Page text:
Steve Balmer should be commended for doing such a great job of marketing Apple's products for them, considering his decision making for Microsoft.
snappy
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snappy,
User Rank: Apprentice
12/2/2012 | 7:55:21 AM
re: 5 Ways Microsoft Can Save Windows 8
My monitor went out on my laptop and rather than repair it, I made the mistake of buying a new laptop with Windows 8. I was totally not prepared for how it basically just took over my Hotmail account; that was just the first annoyance. The OS is a pain in the neck and I returned the laptop as a result and instead bought one with Windows 7 already on it; no Windows 8. I NEVER want to deal with 8 again! Frustrating the way the apps slide around on the page without my touching a thing. If I want a tablet I'll buy an ipad; I don't need a combination laptop OS and tablet.
Guy95
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Guy95,
User Rank: Apprentice
12/2/2012 | 6:35:32 AM
re: 5 Ways Microsoft Can Save Windows 8
There are 3 good reasons to buy Windows 8.

If none of these apply to you then there's no point to spend any more money for it.

1. Touch - this doesn't apply to me, I HATE smudges on my screen.

2. Apps - this is the way the world is going, if you have any need or interest in keeping up with it you are going to have to get on board.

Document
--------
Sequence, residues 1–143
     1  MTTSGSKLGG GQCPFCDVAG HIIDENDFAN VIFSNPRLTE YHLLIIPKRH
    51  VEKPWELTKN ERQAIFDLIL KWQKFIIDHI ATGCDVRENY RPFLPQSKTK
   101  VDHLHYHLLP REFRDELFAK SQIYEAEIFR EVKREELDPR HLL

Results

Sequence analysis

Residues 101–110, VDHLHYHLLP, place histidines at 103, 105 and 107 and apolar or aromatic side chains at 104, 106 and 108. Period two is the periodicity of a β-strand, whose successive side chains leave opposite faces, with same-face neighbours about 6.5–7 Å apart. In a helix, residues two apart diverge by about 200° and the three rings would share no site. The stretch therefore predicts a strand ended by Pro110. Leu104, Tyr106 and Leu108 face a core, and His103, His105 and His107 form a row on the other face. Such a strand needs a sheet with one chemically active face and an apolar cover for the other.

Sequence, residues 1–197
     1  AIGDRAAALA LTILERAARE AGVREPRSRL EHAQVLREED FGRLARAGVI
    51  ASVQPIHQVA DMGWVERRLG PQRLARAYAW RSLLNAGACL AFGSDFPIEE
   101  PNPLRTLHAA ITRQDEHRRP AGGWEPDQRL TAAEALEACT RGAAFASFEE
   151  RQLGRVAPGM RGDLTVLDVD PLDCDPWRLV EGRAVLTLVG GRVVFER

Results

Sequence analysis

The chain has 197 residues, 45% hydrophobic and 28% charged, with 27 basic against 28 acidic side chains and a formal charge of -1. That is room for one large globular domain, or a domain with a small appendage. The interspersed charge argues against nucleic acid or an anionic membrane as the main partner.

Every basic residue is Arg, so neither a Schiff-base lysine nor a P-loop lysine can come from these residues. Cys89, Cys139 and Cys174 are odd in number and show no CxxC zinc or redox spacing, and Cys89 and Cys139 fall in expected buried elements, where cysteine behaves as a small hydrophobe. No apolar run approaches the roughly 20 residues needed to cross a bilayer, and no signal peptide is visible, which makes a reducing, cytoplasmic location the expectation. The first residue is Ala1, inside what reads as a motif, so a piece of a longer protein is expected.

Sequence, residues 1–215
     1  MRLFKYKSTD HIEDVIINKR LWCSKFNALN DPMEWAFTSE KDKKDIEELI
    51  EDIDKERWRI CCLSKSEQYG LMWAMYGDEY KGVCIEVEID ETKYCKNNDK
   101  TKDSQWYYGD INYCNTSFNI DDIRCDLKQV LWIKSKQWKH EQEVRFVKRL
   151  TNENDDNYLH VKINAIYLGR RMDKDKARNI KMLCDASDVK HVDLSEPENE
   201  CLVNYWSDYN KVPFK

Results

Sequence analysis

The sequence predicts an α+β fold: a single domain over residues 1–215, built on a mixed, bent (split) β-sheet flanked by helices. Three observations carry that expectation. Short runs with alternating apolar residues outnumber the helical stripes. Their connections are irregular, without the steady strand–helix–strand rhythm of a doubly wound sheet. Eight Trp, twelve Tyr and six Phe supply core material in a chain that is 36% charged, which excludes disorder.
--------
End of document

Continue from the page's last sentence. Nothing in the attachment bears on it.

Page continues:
3. Evolutionary improvements in the underlying OS - for me this is most apparent in performance/efficiency, to achieve this they sacrificed some glitz. I expect for all the work they did there is other good stuff in there too, hopefully including stability and security.
Guy95
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Guy95,
User Rank: Apprentice
12/2/2012 | 6:15:00 AM
re: 5 Ways Microsoft Can Save Windows 8
No, you don't have to do that.

Don't you have a power button on your PC ?

If that's too hard, all you have to do is drag your mouse alllllll the way over to the right corner, instead of alllllll the way over to the left in Win7...

then click Settings, instead of Start (remember how many people screamed about having to hit Start to shutdown?)...

then click Power instead of Shutdown and choose your option as before.

It's not harder, duh.

Oh, if you are a shortcut junky like me, just hit ctrl-alt-del and click the power icon.
johnjoedan
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johnjoedan,
User Rank: Apprentice
12/2/2012 | 5:52:55 AM
re: 5 Ways Microsoft Can Save Windows 8
As the Director of Technology of a small school district....my first concern is a device I can manage either through Altiris or even better perhaps an MDM like Meraki's. The RT does not appear to play well with either. The pro version shows promise.